Is confusion in the elderly always caused by dementia or Alzheimer's, or could there be other reasons?

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Medications - either interactions or side effects - can be the blame, as can infection. Good information the great people on this site, as usual.

There are many things to check before a diagnosis of Alzheimer's or other dementia is given.
Carol
Take a look at your mom's medications. My mother was on Megace (cancer med) to try to help stimulate her appetite. She doesn't have cancer, but the doctor thought it would help her. After taking Megace, my mother was thoroughly confused, couldn't talk, couldn't walk. She was a totally different person. It did nothing to stimulate her appetite; it had the opposite effect. We demanded that the Megace be stopped. Within 3 days of mom stopping the Megace, she was back to her old self. We have to be each other's advocate. You can't always rely on the doctors. They think they ALWAYS know best, it's not always true. We know our family members. Also, as mentioned by others, check for UTIs. Good luck to you, hang in there.
Run, don't walk to arrange for medical evaluations for all of the above reasons; medications, urinary tract infections, thyroid insufficiency, etc. Also consider the possibility that depression may be the culprit. Depression in an elderly person often does not manifest in the same way as in a younger person. Depression and dementia waltz together sometimes. Depression can mimic dementia and if recognized and treated early enough, can result in a reversal of the confusion. If not treated, the cognitive losses can be permanent. Depression can be a predictor of future dementia. So, if your loved one experienced a depression previously, the dementia may be the next symptom even years later. Depression and dementia can also occur at the same time with depression making the symptoms of the dementia worse. Be aware that the depression need not be a major clinical depression to affect an elder in this way. It may be what is called dysthymia. We might also call it the blues. Please ask your loved one's MD about this possibility. Be aware, some physicians, not all but some, believe that depression is a natural part of aging. Don't buy that for a minute. Others are not trained in recognizing depression in elderly people. There is a self-screening tool called the Geriatric Depression Scale. If the dementia is advanced, the Cornell Depression Scale is more appropriate, the questions answered by caregivers and their observations. These tools can be found by "Googling them" Please do not use these tools as a solitary foundation for deciding if the problem is depression or dementia.They are not a replacement for a full neuropsychological work up but it can be a good first step to determine if there are indicators of depression present. A good medical work up will provide the information you need to address the issues.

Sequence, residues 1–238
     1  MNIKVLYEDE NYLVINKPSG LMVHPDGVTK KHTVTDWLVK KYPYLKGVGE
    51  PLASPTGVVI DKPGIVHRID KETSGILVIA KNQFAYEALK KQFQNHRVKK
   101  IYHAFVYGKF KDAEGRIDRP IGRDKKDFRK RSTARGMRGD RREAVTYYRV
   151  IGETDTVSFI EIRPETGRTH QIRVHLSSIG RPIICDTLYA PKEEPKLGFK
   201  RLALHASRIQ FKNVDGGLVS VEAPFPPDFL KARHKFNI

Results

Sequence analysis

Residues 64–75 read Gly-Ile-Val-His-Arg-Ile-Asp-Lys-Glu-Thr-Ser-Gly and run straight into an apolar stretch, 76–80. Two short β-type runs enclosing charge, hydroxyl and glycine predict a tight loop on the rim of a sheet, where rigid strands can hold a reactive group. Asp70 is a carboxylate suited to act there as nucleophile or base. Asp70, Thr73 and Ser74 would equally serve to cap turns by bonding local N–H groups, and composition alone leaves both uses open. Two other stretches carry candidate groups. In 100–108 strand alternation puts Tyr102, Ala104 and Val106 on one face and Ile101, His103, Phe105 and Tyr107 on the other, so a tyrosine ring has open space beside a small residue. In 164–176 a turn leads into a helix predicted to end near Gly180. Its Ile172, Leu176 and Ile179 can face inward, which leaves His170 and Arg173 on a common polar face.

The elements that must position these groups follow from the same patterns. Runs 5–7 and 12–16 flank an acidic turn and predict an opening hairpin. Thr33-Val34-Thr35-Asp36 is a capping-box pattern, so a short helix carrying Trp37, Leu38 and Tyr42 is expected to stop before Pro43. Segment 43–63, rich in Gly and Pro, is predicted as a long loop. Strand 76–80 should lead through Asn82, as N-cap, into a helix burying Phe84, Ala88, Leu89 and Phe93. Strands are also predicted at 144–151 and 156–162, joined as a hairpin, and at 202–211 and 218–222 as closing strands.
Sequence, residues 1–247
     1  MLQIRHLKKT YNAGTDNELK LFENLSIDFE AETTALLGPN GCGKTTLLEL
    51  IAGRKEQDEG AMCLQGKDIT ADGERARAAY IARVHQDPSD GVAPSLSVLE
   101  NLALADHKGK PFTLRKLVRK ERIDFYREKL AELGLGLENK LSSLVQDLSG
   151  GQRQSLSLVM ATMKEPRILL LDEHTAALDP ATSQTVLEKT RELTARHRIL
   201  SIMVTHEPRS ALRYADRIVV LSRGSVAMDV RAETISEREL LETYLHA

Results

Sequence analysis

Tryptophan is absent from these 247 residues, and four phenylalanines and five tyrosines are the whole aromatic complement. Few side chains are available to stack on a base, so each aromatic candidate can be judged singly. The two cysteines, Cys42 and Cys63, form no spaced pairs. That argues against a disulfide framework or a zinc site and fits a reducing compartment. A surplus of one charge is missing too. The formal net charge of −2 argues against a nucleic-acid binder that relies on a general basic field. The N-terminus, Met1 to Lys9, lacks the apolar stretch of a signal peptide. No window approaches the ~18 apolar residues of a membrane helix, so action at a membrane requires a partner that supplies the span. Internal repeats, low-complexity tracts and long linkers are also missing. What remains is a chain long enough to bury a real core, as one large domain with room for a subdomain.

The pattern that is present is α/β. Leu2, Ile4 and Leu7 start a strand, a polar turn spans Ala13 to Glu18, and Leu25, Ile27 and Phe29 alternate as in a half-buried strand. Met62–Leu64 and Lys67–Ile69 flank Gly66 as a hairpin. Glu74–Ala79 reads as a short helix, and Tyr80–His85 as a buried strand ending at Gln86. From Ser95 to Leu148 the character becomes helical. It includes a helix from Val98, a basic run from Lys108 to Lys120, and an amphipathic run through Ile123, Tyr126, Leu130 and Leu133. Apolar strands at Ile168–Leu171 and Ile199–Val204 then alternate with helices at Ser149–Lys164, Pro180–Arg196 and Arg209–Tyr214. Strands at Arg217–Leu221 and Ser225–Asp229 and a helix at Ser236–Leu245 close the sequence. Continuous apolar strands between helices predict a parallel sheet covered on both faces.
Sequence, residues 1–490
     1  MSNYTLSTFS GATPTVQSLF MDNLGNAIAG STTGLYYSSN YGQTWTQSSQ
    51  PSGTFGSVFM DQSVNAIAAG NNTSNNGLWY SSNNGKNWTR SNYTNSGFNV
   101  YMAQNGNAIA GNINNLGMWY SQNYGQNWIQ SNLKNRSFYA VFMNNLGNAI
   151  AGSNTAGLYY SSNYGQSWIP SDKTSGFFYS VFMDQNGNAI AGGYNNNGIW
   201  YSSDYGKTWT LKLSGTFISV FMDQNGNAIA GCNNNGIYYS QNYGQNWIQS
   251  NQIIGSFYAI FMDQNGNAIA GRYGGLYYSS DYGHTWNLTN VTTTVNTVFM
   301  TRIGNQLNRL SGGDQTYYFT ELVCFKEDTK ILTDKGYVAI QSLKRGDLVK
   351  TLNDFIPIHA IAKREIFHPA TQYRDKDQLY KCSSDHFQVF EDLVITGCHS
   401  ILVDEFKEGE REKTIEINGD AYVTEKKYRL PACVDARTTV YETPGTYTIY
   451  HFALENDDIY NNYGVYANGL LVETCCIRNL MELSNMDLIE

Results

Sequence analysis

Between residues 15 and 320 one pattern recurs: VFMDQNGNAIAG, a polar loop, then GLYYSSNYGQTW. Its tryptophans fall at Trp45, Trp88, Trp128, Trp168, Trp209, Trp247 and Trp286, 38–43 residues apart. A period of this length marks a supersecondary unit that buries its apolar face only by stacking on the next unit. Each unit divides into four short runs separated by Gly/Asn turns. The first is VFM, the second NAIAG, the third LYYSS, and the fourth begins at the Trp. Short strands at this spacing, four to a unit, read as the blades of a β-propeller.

Check for a Urinary Tract infection and if they have had surgery with general anethesia it sometimes affects their cognitive ability and causes confusion.
Dehydration can be another cause of mental confusion. A friend's mother is going through major bouts because she refuses to drink water.
A good friend of mine just recently had her husband taken off of his cholesterol medication because he suddenly became confused, short term memory was an issue, and he was disoriented around the house. When she told her doctor of these symptoms, the doctor took him off the meds. I approached my mother's doctor with the same scenario, but it was determined that my mother had dementia for sure. But it's worth checking out!
My Mom is definitely less "with it" when she isn't drinking enough fluids. I also notice that when she's confused she will not let us know that she's having any difficulties. For example, she had a UTI for several weeks, but didn't say anything. We eventually discovered she had bladder cancer and I can't help but think we could have caught it sooner if she had let us know she wasn't feeling well. At any rate, whenever they give her large amounts of iv fluids during chemo she is much more alert and active for several days after the infusion. She feels better, too, oddly enough.
Both Ditropan and Zocor caused dementia in my mom, and improvement when stopping taking. UTI as mentioned caused it, as did the ABX (short term) Cipro (though this might have been from bacteria dieoff. A bad catscratch got infected (as the doctor neglected to give her a shot to deal with it at the time) and Mom was virtually looney tunes days later and could hardly walk. I was "relieved" to find she had a temp of 104...YIKES...and she was in hospital for five days with IV abx. She was awake, but like in a coma. Percocet and Vicodin make her looney tunes too, and when she broke her hip, I had to be there with every change of staff to stop them from Rxing her.
Anesthetics also take time to wear off and get out of the system.

With every setback like this, I think "this is it, the slip that won't stop." But she's gotten better each time.
Wow, is this some great information, good for reference. I'll print a copy, just in case. And while I'm at it, think I'll start drinking more fluids myself. Don't need the caregiver acting looney, too. LOL Thank you, wonderful people for all the fabulous posts!
Glad to be able to add to the suggestions offered. Yes, you drink enough water, and get some support so you can have a break. Stress can lead to a "caregiver acting looney too."

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